Support Our Troops! Again!

From Holden:

Drain Bamage

The Pentagon is refusing to release data on how many soldiers have suffered brain injuries in Iraq and Afghanistan. It says disclosing the results would put the lives of those fighting at risk.

The data come from screenings of 1,587 soldiers at Fort Bragg in North Carolina and 9,000 at Fort Carson in Colorado. Army Medical Command spokesman Jaime Cavazos said Wednesday that the results of the tests represent “information the enemy could use to potentially make soldiers more vulnerable to harm.” He declined to elaborate.

Pentagon scientists and other health officials have already made public similar data from other installations. Those results show that about 10% of combat troops — and 20% in front-line infantry units — suffered concussions during their tours. The injuries frequently go undiagnosed; multiple concussions can lead to permanent brain damage.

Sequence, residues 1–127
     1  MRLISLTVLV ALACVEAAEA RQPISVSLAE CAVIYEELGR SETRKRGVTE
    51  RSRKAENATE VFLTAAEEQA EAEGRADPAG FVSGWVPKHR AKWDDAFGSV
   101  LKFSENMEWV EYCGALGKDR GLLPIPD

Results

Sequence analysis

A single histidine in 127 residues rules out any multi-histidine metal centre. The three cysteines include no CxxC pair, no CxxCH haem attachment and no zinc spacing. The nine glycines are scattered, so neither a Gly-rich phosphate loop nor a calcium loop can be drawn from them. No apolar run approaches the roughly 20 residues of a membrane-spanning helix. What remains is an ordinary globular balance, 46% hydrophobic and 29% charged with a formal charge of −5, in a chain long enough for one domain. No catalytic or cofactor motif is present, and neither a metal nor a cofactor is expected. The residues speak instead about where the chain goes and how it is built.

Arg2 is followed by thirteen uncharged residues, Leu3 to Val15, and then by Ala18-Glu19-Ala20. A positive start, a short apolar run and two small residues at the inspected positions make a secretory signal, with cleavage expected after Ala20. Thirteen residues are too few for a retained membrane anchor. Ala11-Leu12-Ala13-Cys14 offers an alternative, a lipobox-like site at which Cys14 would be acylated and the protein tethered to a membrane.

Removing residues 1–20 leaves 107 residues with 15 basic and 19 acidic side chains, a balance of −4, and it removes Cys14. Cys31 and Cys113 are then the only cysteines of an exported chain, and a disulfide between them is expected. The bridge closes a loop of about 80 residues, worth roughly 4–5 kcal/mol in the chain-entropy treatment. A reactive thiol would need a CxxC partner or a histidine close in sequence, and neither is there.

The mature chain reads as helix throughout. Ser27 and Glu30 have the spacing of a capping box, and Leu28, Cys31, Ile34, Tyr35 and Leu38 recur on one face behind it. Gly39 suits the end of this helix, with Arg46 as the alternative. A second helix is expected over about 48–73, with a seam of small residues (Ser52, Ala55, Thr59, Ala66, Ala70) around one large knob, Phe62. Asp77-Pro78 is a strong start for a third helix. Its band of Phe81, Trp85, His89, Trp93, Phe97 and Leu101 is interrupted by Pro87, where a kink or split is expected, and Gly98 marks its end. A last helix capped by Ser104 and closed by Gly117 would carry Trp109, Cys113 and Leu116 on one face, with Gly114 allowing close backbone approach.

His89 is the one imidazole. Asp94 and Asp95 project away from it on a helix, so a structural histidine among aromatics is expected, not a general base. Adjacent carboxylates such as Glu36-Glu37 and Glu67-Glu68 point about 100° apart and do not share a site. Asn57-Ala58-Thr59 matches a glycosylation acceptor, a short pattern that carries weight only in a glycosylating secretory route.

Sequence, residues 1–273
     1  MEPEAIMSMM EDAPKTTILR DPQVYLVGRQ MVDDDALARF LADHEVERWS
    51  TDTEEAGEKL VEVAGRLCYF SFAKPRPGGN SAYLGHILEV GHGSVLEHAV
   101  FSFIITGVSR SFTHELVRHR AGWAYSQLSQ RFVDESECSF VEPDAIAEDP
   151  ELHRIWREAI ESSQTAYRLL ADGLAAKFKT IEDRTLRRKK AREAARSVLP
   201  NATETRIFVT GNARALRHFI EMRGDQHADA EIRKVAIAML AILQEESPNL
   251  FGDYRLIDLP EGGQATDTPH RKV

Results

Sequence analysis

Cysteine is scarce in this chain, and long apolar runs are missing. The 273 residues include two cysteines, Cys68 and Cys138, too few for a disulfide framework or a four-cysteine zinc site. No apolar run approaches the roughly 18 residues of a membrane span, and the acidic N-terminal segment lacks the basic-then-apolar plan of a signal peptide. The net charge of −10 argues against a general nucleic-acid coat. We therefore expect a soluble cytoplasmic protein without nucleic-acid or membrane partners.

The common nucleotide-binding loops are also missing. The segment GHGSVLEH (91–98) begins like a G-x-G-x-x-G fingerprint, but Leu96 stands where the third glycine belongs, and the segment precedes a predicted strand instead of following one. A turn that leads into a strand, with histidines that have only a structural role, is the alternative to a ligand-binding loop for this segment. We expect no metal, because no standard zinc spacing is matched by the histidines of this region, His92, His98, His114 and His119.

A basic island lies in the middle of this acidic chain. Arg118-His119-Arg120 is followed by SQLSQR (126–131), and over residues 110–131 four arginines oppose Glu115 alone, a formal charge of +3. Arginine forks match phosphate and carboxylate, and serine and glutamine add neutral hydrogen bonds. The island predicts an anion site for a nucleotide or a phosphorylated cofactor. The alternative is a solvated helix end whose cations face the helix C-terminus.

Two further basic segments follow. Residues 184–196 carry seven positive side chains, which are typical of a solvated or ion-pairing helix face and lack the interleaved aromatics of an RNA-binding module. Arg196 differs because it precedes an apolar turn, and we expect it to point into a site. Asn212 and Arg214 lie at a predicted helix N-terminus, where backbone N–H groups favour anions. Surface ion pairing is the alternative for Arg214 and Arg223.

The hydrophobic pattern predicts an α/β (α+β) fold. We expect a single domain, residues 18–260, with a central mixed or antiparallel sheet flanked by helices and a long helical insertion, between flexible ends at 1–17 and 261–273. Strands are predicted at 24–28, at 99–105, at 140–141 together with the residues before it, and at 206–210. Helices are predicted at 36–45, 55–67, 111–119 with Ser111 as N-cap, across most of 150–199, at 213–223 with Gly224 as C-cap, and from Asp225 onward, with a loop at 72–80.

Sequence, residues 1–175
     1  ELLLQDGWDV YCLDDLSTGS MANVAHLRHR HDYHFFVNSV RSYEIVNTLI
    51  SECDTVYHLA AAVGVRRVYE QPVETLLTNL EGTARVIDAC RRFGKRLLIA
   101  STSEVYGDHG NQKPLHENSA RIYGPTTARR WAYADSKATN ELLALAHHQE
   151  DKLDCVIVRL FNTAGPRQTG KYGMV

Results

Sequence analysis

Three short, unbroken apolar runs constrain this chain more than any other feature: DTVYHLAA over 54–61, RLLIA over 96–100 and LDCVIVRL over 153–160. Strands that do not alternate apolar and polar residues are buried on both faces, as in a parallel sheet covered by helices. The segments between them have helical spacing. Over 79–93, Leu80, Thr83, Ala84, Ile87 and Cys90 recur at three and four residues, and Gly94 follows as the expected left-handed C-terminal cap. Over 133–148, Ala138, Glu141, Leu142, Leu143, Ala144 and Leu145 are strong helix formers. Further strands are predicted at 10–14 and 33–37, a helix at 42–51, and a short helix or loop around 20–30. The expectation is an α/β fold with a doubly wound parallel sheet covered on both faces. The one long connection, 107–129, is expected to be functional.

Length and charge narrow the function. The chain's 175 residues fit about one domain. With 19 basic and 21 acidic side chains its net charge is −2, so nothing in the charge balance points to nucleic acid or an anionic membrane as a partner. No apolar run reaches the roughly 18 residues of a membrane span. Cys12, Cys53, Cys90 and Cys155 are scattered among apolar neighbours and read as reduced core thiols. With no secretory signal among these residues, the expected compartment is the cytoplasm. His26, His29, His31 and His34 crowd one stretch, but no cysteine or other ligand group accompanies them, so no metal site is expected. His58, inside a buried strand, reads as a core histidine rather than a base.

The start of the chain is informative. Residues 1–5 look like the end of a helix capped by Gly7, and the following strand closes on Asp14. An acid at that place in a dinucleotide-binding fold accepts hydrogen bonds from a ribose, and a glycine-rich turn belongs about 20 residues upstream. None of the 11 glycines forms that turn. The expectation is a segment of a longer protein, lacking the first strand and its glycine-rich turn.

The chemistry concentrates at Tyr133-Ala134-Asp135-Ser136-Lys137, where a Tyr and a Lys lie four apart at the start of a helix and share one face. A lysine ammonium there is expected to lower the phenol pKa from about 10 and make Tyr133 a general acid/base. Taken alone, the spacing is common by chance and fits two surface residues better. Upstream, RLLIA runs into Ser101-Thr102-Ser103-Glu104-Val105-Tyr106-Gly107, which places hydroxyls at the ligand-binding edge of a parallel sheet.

Naval Medical Center San Diego, which has been screening Marines from nearby Camp Pendleton for two years — and, more recently, soldiers from the Army’s Fort Irwin — released data this week.

Those data show that 10% of 7,909 Marines with the 1st Marine Division suffered brain injuries. Researchers tried to follow up with 500 Marines who suffered concussions. They reached 161 of them and found that 83% were still suffering symptoms on average 10 months after the injury.

At Fort Irwin, 1,490 soldiers were screened, and almost 12% suffered concussions during their combat tours.